Anger Obscures Issues as D'Amato Seeks Another Term

IAN JOHNSON

October 25, 1992|By IAN JOHNSON

NEW YORK — New York-- There may be some issues separating Boring Bob and Senator Pothole, but they lie dormant under the heavy layer of mud and anger that has settled over this bizarre campaign for U.S. Senate.

It has become a race that makes the national contest, with its truth-fudging and character assassination, seem like a contest between Honest Abe and the Good Humor Ice Cream man. In New York, names are being called and charges trumped up that could make one forget that the race is between two fundamentally different candidates.

Robert Abrams, the New York attorney general, is an old-fashioned liberal, the kind of person Republicans used to have fun ripping the guts out of. He wants an expensive health care plan that Bill Clinton wouldn't dream of supporting. He's also picked up labor and feminist endorsements like litter off the street. He's dull and has the killer instincts of a goldfish.

Alfonse M. D'Amato, the 12-year Republican incumbent, is no fire-breathing fundamentalist but hardly molded after Mr. Abrams. A loud, self-aggrandizing moderate conservative, he is flexible on most issues except his opposition to abortion. He likes to point out that he has more in common with Mr. Clinton than Mr. Abrams does, favoring, for example, the death penalty and welfare reform. He has little time for vision, relishing his nickname of Senator Pothole, the big guy who can get things done for the little guys, provided they're New Yorkers, of course.

At first, it seemed a given that Mr. D'Amato's history of ethical misconduct in the Senate would help Mr. Abrams to victory and the Democrats to an enlarged majority in the Senate. It also seemed that the two might engage in a lively debate over their policy differences.

But in a year when change is the key word, this Senate race has taken on a depressingly familiar mud color, as twisted charges abound of unethical behavior, fascism and propaganda.

It started the day Mr. Abrams won the Democratic primary in September by defeating former vice presidential nominee Geraldine Ferraro. Ms. Ferraro had become embroiled in a mud-slinging fight, and Mr. Abrams had slipped by to squeak out a victory. Mr. D'Amato immediately started airing commercials, shedding crocodile tears over honorable Ms. Ferraro being stabbed in the back by no-goods like Mr. Abrams.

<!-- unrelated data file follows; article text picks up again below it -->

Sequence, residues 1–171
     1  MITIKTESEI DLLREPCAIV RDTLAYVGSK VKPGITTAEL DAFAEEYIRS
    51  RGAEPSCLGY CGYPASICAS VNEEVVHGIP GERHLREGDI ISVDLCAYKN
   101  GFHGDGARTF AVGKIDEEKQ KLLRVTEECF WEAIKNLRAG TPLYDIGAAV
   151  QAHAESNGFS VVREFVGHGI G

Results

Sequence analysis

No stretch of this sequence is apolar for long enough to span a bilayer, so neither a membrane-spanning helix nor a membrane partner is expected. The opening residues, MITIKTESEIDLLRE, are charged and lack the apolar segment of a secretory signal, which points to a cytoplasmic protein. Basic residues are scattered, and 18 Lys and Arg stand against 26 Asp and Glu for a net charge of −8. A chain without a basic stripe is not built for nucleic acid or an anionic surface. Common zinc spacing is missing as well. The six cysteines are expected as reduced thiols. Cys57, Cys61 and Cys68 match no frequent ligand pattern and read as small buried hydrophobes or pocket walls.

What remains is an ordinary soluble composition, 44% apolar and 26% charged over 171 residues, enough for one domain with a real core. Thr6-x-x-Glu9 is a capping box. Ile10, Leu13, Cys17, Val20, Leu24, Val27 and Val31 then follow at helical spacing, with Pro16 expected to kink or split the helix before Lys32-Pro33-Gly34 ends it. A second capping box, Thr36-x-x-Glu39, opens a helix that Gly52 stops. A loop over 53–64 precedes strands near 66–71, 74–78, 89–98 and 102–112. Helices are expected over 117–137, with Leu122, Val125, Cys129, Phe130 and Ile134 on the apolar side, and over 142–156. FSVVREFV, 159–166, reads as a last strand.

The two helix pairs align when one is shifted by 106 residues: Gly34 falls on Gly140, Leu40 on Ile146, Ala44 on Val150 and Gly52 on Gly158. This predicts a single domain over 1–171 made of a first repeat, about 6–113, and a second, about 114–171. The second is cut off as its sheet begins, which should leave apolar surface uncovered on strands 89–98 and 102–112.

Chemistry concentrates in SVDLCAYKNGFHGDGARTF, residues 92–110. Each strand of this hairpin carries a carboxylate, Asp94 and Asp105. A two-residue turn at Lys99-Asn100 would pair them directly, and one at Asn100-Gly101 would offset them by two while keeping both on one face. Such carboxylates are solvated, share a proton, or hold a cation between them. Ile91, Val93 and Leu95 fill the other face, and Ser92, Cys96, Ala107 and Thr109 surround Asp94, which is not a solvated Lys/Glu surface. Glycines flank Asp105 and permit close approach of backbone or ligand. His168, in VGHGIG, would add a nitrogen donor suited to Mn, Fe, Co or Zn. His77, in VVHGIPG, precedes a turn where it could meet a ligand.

With Mr. Abrams financially exhausted after burning nearly $4 million in the primary on TV ads, Mr. D'Amato followed up this first lob with a pre-emptive strike. Himself reprimanded for violating Senate ethics, he deployed his $9.2 million in campaign funds and scudded Mr. Abrams for taking campaign donations from lawyers while attorney general.

What wasn't said in the ads was that Mr. Abrams has never been charged with pandering to his contributors, while Mr. D'Amato has. The Senate didn't find Mr. D'Amato guilty, but it did rap his knuckles for conducting "the business of his office in an improper and inappropriate manner." His brother has been indicted for using his Senate stationery to lobby for Navy contracts, and Mr. D'Amato is now also under investigation for tampering with a grand jury.

This would seem ample ammunition for a professional politician like Mr. Abrams, but he has remained broke, able to field only a few counterattack ads. Instead of pressing the flesh, he's been dialing well-heeled Democrats in the hopes of raising a few million. Thanks to help from Gov. Mario Cuomo's campaign contributors' list, his recent efforts have raised almost $1 million, but Mr. D'Amato has roughly four times as much to spend.

Reduced to a fund-raiser, Mr. Abrams has been unable to capitalize on his clean record or Mr. D'Amato's reputation in Washington as a lovable lightweight with no influence on any major committees.

In desperation, Mr. Abrams lashed out foolishly, calling Mr. D'Amato a "fascist" who uses "the Big Lie technique for the purposes of political propaganda."

Now in his element, Mr. D'Amato acted stunned. He said he was hurt. He was shocked. He wailed to the media that it wasn't just a personal slur, but that it somehow defamed all Italian-Americans, presumably because the word fascism is Italian in origin.

Later, Gov. Cuomo picked up the politically-correct cry, and urged Mr. Abrams to apologize. Mr. D'Amato then upped the stakes, saying that all Roman Catholics were also upset, unintentionally drawing some sort of link between fascism, Italians and Catholicism that the most ardent critic of the church's role in World War II probably wouldn't venture to suggest.

The onslaught reached its peak 10 days ago on a "shock radio" talk show. With both candidates sitting just a few feet away from each other, the microphone melted with Mr. D'Amato's thrusts, ripostes and lunges.

"Let me ask you something, did you say I was a fascist or didn't you, Bob," Mr. D'Amato said.

"Of course the world knows I said that, and I apologized to . . . ," Mr. Abrams said.

"To who?"

"To the whole world, but . . ."

"Oh, did you apologize to me?"

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